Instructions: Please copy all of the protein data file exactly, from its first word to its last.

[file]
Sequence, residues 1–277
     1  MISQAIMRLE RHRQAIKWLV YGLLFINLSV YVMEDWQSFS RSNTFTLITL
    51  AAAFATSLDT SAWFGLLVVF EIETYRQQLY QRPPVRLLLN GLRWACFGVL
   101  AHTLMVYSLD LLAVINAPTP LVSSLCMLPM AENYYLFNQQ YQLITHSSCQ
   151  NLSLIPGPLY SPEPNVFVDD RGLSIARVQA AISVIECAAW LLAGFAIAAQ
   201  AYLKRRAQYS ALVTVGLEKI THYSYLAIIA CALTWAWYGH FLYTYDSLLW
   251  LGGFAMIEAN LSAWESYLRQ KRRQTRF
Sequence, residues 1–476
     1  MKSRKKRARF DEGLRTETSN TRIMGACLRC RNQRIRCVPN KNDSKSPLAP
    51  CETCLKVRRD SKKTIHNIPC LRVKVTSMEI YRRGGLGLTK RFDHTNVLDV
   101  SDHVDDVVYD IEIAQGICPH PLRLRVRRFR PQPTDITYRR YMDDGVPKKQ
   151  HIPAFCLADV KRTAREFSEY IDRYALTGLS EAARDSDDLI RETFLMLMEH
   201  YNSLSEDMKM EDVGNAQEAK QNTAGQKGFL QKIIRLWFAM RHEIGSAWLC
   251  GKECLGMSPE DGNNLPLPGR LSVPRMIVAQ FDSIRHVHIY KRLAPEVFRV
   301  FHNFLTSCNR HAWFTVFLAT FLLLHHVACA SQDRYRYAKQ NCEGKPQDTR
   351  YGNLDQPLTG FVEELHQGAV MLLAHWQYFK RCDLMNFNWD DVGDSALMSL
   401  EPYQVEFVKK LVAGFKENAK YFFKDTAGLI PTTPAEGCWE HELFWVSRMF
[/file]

Sequence, residues 1–277
     1  MISQAIMRLE RHRQAIKWLV YGLLFINLSV YVMEDWQSFS RSNTFTLITL
    51  AAAFATSLDT SAWFGLLVVF EIETYRQQLY QRPPVRLLLN GLRWACFGVL
   101  AHTLMVYSLD LLAVINAPTP LVSSLCMLPM AENYYLFNQQ YQLITHSSCQ
   151  NLSLIPGPLY SPEPNVFVDD RGLSIARVQA AISVIECAAW LLAGFAIAAQ
   201  AYLKRRAQYS ALVTVGLEKI THYSYLAIIA CALTWAWYGH FLYTYDSLLW
   251  LGGFAMIEAN LSAWESYLRQ KRRQTRF
Sequence, residues 1–476
     1  MKSRKKRARF DEGLRTETSN TRIMGACLRC RNQRIRCVPN KNDSKSPLAP
    51  CETCLKVRRD SKKTIHNIPC LRVKVTSMEI YRRGGLGLTK RFDHTNVLDV
   101  SDHVDDVVYD IEIAQGICPH PLRLRVRRFR PQPTDITYRR YMDDGVPKKQ
   151  HIPAFCLADV KRTAREFSEY IDRYALTGLS EAARDSDDLI RETFLMLMEH
   201  YNSLSEDMKM EDVGNAQEAK QNTAGQKGFL QKIIRLWFAM RHEIGSAWLC
   251  GKECLGMSPE DGNNLPLPGR LSVPRMIVAQ FDSIRHVHIY KRLAPEVFRV
   301  FHNFLTSCNR HAWFTVFLAT FLLLHHVACA SQDRYRYAKQ NCEGKPQDTR
   351  YGNLDQPLTG FVEELHQGAV MLLAHWQYFK RCDLMNFNWD DVGDSALMSL
   401  EPYQVEFVKK LVAGFKENAK YFFKDTAGLI PTTPAEGCWE HELFWVSRMF